Convert Crayons into 2mm+ Leads Like Graphite Lead

Hello!

I want to recycle crayons and thought of converting them into 2mm lead or larger in diameter (since there’s only a certain thickness where crayons can be sturdy). I also thought the crayons should be mixed with something since they’re wax. I was thinking of buying a silicone mold rubber to make a mold (may make the lead bend since it’s flexible but easy to remove), a polyurethane mold rubber, or a protruder like the old fashioned way. Silicone mold rubber is expensive ($30+). I originally thought of it as a craft, but it’s too complicated for a craft.

Thank you for your time!


I think you have a lot of freedom in the choice of the material for the mold, because you just need something that can withstand the temperature of molten crayon, and I think that is only going to be around 50 to 70 C, about the same as paraffin, candle wax.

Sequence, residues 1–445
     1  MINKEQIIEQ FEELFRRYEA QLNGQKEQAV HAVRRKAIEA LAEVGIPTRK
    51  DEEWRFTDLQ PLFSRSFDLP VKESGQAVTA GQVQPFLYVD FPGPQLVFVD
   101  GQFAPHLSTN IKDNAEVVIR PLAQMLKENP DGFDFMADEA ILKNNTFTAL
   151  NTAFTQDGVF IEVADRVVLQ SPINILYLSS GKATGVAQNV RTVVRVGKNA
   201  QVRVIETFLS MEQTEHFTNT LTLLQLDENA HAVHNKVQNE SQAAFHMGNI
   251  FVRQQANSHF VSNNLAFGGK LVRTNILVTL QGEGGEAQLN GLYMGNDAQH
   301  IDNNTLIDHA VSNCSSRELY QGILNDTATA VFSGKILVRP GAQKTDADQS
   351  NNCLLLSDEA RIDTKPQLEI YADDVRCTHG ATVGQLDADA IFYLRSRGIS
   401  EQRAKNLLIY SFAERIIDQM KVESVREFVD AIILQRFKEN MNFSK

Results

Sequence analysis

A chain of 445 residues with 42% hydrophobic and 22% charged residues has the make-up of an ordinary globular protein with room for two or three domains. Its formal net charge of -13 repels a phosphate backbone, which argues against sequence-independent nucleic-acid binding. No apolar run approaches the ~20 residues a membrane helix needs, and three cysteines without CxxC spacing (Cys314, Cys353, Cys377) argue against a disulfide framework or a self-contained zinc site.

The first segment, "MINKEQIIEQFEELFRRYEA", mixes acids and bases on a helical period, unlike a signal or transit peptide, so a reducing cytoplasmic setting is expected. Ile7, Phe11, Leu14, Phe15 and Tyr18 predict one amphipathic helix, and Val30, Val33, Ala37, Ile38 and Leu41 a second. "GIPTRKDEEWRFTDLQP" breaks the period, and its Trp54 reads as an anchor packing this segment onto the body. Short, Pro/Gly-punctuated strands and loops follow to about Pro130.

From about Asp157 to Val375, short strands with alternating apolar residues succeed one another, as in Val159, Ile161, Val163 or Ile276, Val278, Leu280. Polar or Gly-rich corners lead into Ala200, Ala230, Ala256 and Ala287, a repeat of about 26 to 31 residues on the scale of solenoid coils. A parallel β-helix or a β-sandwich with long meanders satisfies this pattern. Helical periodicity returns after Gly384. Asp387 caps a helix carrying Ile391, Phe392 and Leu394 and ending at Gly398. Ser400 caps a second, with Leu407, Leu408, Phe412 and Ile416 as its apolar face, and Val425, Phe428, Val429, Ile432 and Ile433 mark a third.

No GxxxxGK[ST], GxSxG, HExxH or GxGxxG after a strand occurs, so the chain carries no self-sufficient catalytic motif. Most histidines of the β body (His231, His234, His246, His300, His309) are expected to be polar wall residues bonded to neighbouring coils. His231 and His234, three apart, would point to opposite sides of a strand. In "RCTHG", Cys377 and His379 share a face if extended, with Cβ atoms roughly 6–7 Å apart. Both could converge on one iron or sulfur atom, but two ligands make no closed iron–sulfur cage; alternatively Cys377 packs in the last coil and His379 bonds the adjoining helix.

https://en.wikipedia.org/wiki/Paraffin_wax

As I was saying, I think lots of different materials might work for the mold. Various kinds of wood might work. Also metals that are easy to machine, like aluminum and brass. Also various plastics.

It gets easier if the shape you want to cast is just a long, thin, cylinder, and if you can make that make that shape just by drilling a deep hole.

I suppose it is a little more tricky if you want the mold to break neatly apart into two symmetric halves, but I think you could make that happen by clamping two flat pieces together, and then drilling the hole with its axis in the same plane where the two flat pieces are touching. Putting a tiny, shallow groove, in both halves might help, for serve a sort of "guide hole", for the drill bit to follow.

Regarding,

"I also thought the crayons should be mixed with something since they’re wax."

I do not follow what you are saying about wanting to mix other materials into the melt, unless you want to change the properties of the crayon wax. Like maybe you want to make it harder, or something like that? So that in hardness it would be more like pencil matter than crayon matter.